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7 Tips for Traveling with Kids (and Living to Smil...

7 Tips for Traveling with Kids (and Living to Smile about it)

Stay in a private residence when traveling with kids.

Hotel living can be simple. There is an ease to knowing that hotel management is available 24 hours a day. However, staying in a private residence is my favorite form of accommodation when traveling with kids. When you rent an apartment or home, you generally have more space than is available in hotel rooms (a big deal in large cities like Paris and London!), you can cook for yourself and you can choose a location that is either touristy or residential. My kids loved exploring the strange (to them) layouts and door operations. Some apartment buildings have old, rickety lifts and some have narrow, winding staircases. There really isn’t a better way to get a taste of what it’s really like to live in a city, than by renting an apartment through a site like airbnb or vrbo.

Don’t over-plan your day.

It can be tempting to do and see it all, when you’re traveling. But if you have kids along you’ll burn your traveling companions out in no time by packing too much into a day. Read the guidebooks, choose the top 3 or 4 sites that are must sees, and make sure that you get to them. Beyond that, anything else should be a bonus. Besides, wandering the city without a specific purpose in mind is one of the best ways to experience a new location, even when traveling with kids.

Be sure to schedule both an adult and a kid focused event each day.

I’ve found that I have much more eager travelers when I set up at least one activity that is geared specifically towards my kids, per day of travel, and introduce them to those plans ahead of time. My kids adore museums, riding trains, and visiting gelaterias. I choose one site that I know they will thoroughly enjoy each day and balance that with one of the less kid friendly locations that the adults will appreciate. Everyone should have something to look forward to!

Be aware of city conditions with regards to strollers, backpacks and other gear.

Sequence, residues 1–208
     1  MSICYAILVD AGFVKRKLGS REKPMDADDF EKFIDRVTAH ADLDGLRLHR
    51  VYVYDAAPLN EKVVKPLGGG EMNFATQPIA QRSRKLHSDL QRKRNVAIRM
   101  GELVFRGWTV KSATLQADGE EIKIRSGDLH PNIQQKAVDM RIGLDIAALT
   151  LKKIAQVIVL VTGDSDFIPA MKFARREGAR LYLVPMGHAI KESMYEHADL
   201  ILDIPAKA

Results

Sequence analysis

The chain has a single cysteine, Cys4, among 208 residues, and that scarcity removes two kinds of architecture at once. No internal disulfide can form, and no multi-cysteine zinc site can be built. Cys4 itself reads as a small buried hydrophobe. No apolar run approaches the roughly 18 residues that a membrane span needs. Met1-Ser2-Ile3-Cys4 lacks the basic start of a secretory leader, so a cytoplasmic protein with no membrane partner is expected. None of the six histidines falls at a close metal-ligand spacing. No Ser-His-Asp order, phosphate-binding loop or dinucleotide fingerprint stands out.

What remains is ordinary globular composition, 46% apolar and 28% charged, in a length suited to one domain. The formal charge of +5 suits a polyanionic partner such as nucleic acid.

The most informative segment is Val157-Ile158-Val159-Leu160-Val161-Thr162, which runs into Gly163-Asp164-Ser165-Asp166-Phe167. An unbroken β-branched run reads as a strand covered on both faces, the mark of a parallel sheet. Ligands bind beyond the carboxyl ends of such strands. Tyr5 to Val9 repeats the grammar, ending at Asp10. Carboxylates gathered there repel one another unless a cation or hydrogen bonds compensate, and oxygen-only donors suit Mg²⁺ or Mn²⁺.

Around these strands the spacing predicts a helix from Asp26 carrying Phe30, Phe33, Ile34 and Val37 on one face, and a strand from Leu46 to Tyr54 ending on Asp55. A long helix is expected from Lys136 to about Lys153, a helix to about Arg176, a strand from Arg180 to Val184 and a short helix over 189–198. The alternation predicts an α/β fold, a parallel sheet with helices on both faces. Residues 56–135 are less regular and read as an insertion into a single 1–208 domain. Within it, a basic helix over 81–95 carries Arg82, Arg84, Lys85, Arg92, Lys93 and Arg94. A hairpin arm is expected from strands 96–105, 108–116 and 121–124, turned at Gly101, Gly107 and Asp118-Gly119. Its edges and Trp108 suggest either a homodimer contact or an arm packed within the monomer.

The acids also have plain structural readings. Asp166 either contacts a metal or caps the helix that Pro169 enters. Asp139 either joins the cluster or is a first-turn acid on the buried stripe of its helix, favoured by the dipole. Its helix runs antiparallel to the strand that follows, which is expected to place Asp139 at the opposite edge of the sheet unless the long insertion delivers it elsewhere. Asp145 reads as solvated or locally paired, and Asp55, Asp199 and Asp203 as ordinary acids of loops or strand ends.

You really don’t want a stroller when traveling by metro in Paris (stairs! stations without any stroller friendly turnstiles!), or if you’re doing a lot of walking in Florence (cobblestone streets.) Some museums and other sites won’t allow backpacks. Do your research before you go and make sure that you won’t be left carting around burdensome gear or find yourself turned away from a much anticipated site due to your backpack full of sippies and snacks.

Teach your verbal child to say hello, thank you and goodbye in the language of the area you are visiting, and expect them to use their knowledge.

My boys find it so fun to be able to say hello to people in another language. They’re normally slightly shy when speaking to service providers in English, but give them a lesson on ciao! or bonjour! and they’ll eagerly test it out on everyone. We’ve also found that trying, even if we predominately fail, to speak a few words in the local language ingratiates us to the people we come across, much more than our smiles and attempts at communicating by gesture. Bonus points seem to be awarded for kids that try, too!

Read books (both fiction and non-fiction) that relate to your travel destination before you leave. 

When we visit a place that I have read, or studied, about, the sense of connection I feel and the enjoyment I find is much greater than if we travel to a location that is beautiful and interesting, but I know nothing about. The same seems to hold true for my kids. When we visited London, they connected immediately to Big Ben and the London Eye due to the move, Cars 2. Before other travel experiences, I’ve located books that either explain short bits of history or weave a story that contains fact and fiction about the location that we are about to visit. I adore watching their eyes light up in recognition as they see pages of books come to life before their eyes.

Use travel modes that are out of the ordinary for your family.

We’re very much a car travel family, having lived in the suburbs most of our lives. So, metro trains, buses, rail trains, ferries and even taxis are highly entertaining to my children. Sometimes, I feel that the transportation is actually the high point of the trip for the kids. Even if your travel will largely be accomplished via car, consider adding in the use of an alternative form of travel in order to allow your kids to experience something new.

What is your top tip for traveling with kids? Let me know in the comments!

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